Aug 11, 2015 1:00 AM

Author: Natalie Dicou


Help your child learn to write without getting overwhelmed

They smeared their fingers in shaving cream, dug into sand, and played with modeling clay. A typical aimless but fun summer day?

Well, this messiness had a purpose. First- and second-graders met weekly this summer at the University of Utah Health Occupational Therapy Life Skills Clinic to improve their handwriting prowess at the clinic’s annual Rocking Handwriters summer group.

On any given day, an occupational therapist may help a person learn to get dressed, prepare a meal, eat, get on the bus or balance a checkbook. While physical therapy focuses on the physical side and psychology looks at emotional, behavioral and cognitive aspects, occupational therapists combine it all together, breaking down activities into small pieces and working with individuals to accomplish each step.

On this day, it was all about teaching kids to print the alphabet with confidence.

“We want to get it automated so they don’t even think about it,” said clinic director Heidi Woolley, MS, OTD, of kids who may need a little extra help developing the fine motor skills, strength, endurance, dexterity, or postural control required to command a pencil.

Ironically, pencils take a backseat to other “writing utensils” at the Life Skills Clinic, which also offers one-on-one handwriting sessions. Kids are more likely to wield Q-tips, tongue depressors, and pretzels or use their index fingers to form letters in cornmeal, dry pudding and birdseed.

“If they can see that writing is fun, then they don’t get so frustrated,” Woolley said. “The minute you say ‘We have to write our ABCs,’ they’ll say no. They don’t want to do something that they’re not successful at and is not fun and where they’re falling behind their peers.”

Beyond the wrists and fingers, other muscles groups can play a key role in learning to write so therapists begin by leading kids in full-body strengthening exercises.

We start with gross motor movements because the studies show that it’s easier if they learn it in their big muscles first, like their shoulder and elbow,” Woolley said. “When they go to paper, it’s 10 times harder, so we work from big movements to smaller movements and incorporate them all.

When it’s time to sit down and practice letters, therapists use “letter stories” with fun themes like racecar driving and firefighting. For example, when writing a lowercase “h,” a therapist might talk a child through the letter with an easy-to-visualize scenario: A firefighter goes down a pole, but oops, he’s forgotten his hat so he goes back up halfway, and then slides down again.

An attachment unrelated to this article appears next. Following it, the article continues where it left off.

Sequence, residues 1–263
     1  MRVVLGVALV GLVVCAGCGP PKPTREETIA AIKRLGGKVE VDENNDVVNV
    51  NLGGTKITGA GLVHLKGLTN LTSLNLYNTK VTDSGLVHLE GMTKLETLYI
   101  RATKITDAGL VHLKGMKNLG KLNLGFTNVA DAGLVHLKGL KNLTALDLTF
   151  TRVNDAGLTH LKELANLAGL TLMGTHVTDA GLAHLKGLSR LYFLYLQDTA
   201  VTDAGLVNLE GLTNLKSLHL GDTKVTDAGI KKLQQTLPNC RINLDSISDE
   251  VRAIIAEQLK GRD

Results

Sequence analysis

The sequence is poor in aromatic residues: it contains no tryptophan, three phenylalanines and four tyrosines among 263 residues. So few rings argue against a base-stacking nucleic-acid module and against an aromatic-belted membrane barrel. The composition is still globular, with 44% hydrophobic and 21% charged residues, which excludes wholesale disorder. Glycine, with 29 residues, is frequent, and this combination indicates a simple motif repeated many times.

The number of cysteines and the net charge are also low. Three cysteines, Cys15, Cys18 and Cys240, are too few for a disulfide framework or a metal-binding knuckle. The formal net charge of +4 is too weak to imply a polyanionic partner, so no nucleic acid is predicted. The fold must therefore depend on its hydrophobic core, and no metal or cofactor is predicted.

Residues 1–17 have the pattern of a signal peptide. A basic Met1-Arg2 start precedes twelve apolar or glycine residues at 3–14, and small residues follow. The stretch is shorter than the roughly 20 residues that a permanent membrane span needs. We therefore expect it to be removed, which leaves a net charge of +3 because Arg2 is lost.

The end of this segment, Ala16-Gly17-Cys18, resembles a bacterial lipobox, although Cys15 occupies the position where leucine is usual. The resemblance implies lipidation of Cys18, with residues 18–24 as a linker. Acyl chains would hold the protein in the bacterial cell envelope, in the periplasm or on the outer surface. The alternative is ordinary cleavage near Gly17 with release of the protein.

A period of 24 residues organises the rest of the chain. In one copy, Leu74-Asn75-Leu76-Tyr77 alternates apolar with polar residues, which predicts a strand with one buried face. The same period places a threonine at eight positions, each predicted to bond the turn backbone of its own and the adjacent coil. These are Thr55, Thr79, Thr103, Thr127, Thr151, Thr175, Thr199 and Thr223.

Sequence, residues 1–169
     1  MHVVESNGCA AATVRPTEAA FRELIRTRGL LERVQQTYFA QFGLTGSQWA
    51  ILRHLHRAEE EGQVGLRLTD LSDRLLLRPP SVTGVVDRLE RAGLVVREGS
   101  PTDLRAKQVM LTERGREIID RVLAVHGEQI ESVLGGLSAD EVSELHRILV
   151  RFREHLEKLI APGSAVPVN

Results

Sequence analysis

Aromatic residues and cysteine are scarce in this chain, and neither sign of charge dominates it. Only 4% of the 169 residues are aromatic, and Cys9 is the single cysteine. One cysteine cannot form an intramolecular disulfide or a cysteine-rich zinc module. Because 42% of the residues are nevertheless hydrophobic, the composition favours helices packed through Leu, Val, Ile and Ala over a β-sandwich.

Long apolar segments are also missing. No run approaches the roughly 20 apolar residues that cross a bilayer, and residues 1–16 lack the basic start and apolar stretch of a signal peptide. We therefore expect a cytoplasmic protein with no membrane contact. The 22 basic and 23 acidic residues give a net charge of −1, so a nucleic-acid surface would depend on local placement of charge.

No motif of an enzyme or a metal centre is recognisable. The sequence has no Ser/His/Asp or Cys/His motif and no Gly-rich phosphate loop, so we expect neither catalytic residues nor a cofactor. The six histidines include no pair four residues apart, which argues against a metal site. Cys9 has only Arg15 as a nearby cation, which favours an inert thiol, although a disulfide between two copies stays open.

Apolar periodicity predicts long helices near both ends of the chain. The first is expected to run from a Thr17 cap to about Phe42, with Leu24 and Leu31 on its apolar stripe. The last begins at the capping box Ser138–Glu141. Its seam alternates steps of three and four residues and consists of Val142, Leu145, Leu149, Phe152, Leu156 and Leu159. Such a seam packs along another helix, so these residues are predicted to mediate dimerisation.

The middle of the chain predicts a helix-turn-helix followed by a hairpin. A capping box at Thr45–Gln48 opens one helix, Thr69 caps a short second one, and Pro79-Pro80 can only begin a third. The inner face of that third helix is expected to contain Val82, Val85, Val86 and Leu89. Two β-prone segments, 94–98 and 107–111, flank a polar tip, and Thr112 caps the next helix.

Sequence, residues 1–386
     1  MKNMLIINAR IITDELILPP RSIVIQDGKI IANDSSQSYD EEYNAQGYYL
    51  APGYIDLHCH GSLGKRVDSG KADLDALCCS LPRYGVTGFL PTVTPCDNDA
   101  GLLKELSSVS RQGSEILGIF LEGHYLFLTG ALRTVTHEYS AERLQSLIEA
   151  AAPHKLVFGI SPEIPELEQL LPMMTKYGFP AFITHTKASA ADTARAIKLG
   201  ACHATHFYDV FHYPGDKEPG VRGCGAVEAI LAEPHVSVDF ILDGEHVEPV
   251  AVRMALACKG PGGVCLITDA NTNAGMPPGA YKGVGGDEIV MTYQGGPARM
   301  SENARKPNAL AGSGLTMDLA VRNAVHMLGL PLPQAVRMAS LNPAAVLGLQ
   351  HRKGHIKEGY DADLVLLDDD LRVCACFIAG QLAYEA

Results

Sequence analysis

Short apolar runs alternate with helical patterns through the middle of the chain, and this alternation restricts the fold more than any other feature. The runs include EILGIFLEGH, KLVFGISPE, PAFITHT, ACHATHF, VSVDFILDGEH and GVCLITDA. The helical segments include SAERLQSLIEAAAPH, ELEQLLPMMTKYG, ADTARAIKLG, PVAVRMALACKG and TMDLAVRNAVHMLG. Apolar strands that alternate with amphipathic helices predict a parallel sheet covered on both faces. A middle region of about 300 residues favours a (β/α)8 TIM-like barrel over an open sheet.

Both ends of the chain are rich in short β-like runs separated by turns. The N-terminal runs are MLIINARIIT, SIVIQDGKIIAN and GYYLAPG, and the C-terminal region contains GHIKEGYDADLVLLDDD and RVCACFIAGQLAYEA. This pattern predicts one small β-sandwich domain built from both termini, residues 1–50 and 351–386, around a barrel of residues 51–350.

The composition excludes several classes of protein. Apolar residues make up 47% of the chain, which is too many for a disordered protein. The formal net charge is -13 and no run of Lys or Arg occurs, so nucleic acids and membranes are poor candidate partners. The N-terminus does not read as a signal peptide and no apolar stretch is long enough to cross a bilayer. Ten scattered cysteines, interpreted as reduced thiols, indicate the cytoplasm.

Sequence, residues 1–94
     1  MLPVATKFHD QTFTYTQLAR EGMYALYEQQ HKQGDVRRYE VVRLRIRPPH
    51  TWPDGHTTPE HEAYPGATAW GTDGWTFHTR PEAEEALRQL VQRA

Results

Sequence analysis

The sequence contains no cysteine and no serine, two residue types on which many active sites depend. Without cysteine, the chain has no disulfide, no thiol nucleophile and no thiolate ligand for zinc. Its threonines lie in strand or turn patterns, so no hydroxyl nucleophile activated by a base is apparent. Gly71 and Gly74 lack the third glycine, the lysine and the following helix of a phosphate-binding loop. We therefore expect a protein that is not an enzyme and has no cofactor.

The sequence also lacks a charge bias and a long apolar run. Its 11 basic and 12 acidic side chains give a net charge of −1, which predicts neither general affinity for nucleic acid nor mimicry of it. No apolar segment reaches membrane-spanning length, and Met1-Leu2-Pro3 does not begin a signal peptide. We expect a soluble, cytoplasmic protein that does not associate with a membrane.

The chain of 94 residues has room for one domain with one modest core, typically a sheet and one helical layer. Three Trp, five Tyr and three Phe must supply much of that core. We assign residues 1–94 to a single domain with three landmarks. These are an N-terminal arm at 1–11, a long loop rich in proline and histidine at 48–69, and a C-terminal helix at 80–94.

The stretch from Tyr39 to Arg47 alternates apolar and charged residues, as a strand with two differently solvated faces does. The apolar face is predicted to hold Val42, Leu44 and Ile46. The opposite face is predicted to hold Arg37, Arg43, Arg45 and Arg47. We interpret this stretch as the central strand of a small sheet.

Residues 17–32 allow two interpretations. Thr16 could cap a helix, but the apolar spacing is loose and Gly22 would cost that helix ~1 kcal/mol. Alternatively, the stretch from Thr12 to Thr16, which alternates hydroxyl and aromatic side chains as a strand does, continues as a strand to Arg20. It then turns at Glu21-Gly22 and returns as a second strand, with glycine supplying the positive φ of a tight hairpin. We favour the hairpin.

The approach is working well for 8-year-old Jax who was back this summer after participating in the group last year.

“They say this is something you need to get taken care of early and make sure that that foundation is there,” said Heidi Robinson, Jax’s mom. “We’ve been impressed with all the great tools they use to build on the kids’ handwriting strength. It definitely helped with his first-grade year of handwriting.”

The group, which met weekly for eight weeks, produces the best results when parents continue to work with their kids at home, Woolley said.

“If you’re having pretzels for snacks, try making letters out of the pretzels,” she said. “Try to give them things to do while they’re doing other things.”

Amy Meadows, a certified occupational therapy assistant who led the session, said grip strength is often an issue for kids who struggle with handwriting. She recommends playground play, such as monkey bars and rope climbing, to improve strength. It’s also important, when practicing actual handwriting with pencil and paper, to break up tasks into small, achievable challenges.

“If they write a word, pick a letter out of that word that you would like them to try again so they don’t have to rewrite the whole word or paragraph again,” Meadows said.

Try saying to your child “Circle your favorite letter. OK, now try that letter again” and “Now circle your least favorite letter. Let’s do that one.” This allows young people to achieve the task while learning to edit their work and make corrections without becoming overwhelmed, Meadows said.


Natalie Dicou

Natalie Dicous is a Communications Specialist in the Office of Public Affairs. Follow her on Twitter @NatalieDicou.

occupational therapy kids health

comments powered by Disqus

Sign Up for Weekly Health Updates

Get weekly emails of the latest news from HealthFeed.

For Patients

Find a doctor or location close to you so you can get the health care you need, when you need it